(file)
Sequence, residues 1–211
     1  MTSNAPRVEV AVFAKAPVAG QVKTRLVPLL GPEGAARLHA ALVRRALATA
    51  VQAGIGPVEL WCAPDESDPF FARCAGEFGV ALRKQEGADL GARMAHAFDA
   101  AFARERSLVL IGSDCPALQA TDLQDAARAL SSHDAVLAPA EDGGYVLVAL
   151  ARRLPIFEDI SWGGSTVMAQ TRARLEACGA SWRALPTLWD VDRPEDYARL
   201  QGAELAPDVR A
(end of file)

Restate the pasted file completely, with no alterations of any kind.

Sequence, residues 1–211
     1  MTSNAPRVEV AVFAKAPVAG QVKTRLVPLL GPEGAARLHA ALVRRALATA
    51  VQAGIGPVEL WCAPDESDPF FARCAGEFGV ALRKQEGADL GARMAHAFDA
   101  AFARERSLVL IGSDCPALQA TDLQDAARAL SSHDAVLAPA EDGGYVLVAL
   151  ARRLPIFEDI SWGGSTVMAQ TRARLEACGA SWRALPTLWD VDRPEDYARL
   201  QGAELAPDVR A